"Let me put it this way: If one year from now, you're not using Dark Mail, it's because you enjoy knowing the NSA is reading your emails," says Ladar Levison, founder of Lavabit, the email provider used by former National Security Agency contractor Edward Snowden.
After Snowden's identity became known, Levison shut down Lavabit, posting the following message on the company website:
I have been forced to make a difficult decision: to become complicit in crimes against the American people or walk away from nearly ten years of hard work by shutting down Lavabit. After significant soul searching, I have decided to suspend operations. I wish that I could legally share with you the events that led to my decision. I cannot.
Levison was prohibited from discussing any details of the case until last October, when the court unsealed a portion of the documents. The unsealed records reveal that the FBI was demanding access to Lavabit's Secure Sockets Layer (SSL) keys, which would essentially allow the agency access to all messages on Lavabit's server. While the FBI was ostensibly targeting only a single user, Levison was unwilling to sacrifice the privacy of his other 400,000+ users.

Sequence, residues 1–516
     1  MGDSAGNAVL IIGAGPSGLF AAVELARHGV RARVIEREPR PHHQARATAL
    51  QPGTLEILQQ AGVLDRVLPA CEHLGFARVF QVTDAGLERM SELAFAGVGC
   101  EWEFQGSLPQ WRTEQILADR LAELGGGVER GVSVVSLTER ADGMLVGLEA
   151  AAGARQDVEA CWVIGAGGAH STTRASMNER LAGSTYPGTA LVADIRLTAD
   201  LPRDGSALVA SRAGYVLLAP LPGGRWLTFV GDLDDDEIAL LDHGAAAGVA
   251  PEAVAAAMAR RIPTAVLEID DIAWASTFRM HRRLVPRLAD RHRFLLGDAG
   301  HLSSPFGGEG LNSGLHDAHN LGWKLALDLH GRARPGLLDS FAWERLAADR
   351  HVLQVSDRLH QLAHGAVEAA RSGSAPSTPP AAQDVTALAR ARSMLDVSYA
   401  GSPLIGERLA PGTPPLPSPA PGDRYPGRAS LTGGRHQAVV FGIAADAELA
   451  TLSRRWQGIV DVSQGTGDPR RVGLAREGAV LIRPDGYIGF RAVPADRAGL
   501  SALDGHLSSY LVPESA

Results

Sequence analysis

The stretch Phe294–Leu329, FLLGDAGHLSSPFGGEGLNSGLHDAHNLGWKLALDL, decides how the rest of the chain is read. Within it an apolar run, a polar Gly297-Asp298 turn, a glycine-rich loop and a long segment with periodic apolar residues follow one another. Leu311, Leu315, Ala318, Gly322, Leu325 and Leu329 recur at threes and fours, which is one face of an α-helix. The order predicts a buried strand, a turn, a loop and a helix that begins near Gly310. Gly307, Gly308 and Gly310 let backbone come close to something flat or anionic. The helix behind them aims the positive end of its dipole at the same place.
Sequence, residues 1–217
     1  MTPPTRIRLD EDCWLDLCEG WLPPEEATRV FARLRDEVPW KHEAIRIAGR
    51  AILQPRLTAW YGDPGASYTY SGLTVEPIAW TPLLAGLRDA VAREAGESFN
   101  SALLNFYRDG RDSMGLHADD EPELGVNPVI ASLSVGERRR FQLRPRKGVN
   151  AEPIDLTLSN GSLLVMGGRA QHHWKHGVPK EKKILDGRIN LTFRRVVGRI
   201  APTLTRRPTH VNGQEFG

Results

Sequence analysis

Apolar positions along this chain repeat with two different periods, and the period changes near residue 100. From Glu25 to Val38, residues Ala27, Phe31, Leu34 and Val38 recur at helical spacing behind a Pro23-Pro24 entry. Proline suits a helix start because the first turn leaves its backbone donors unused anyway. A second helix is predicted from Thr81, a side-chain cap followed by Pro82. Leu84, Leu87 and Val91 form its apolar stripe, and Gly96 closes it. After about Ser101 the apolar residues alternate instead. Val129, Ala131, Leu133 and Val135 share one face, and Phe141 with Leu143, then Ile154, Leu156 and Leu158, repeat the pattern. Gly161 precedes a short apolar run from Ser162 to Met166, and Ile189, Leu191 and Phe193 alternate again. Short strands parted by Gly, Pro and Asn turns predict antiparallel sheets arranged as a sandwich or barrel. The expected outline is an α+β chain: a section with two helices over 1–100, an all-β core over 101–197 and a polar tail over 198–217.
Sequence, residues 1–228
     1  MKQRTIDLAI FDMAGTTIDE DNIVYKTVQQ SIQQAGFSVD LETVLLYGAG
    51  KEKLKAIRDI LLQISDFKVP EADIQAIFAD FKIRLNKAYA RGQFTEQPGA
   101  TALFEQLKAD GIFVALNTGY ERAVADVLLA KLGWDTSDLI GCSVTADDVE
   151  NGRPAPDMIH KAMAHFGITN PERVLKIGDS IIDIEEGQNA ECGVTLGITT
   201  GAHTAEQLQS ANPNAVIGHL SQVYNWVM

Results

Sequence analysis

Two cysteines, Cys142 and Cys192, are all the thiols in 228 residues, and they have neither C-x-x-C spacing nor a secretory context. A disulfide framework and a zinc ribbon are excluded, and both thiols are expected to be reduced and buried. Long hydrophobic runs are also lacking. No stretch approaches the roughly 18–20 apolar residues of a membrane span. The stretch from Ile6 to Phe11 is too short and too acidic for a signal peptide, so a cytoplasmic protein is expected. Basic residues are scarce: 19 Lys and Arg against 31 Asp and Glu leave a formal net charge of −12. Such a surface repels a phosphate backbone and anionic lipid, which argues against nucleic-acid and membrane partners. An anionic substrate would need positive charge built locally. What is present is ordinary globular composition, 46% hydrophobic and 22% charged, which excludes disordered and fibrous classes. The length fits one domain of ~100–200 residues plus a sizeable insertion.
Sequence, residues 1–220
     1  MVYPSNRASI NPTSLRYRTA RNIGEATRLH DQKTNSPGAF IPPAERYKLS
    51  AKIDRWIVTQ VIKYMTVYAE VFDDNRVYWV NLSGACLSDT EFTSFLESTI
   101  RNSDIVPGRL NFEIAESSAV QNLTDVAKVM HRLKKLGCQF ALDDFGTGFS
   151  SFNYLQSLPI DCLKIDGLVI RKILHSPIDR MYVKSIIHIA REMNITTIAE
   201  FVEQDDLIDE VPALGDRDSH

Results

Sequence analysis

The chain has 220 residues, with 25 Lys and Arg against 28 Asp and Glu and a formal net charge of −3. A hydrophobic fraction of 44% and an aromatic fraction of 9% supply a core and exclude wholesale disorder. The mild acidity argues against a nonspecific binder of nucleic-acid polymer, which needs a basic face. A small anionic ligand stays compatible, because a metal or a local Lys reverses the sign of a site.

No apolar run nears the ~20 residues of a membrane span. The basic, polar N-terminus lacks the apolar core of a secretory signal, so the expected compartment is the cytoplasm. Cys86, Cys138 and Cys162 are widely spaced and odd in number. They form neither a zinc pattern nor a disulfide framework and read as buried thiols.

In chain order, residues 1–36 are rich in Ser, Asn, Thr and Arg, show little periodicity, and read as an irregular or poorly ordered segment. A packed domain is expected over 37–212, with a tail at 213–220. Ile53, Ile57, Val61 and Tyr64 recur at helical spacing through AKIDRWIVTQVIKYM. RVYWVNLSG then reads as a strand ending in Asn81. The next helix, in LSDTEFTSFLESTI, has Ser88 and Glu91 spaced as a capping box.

He is still not allowed to discuss the identity of the user the FBI hoped to target.
Levison sat down with Reason TV's Zach Weissmueller at the Messaging Anti-Abuse Working Group (MAAWG) conference to talk more about his decision to fight the federal government, his thoughts on Edward Snowden, and his vision for Dark Mail, a collaborative effort with Silent Circle, another encrypted email service that shut down in the wake of Snowden's NSA revelations.
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Produced by Zach Weissmueller. Shot by Sharif Matar. Approximately 15 minutes.
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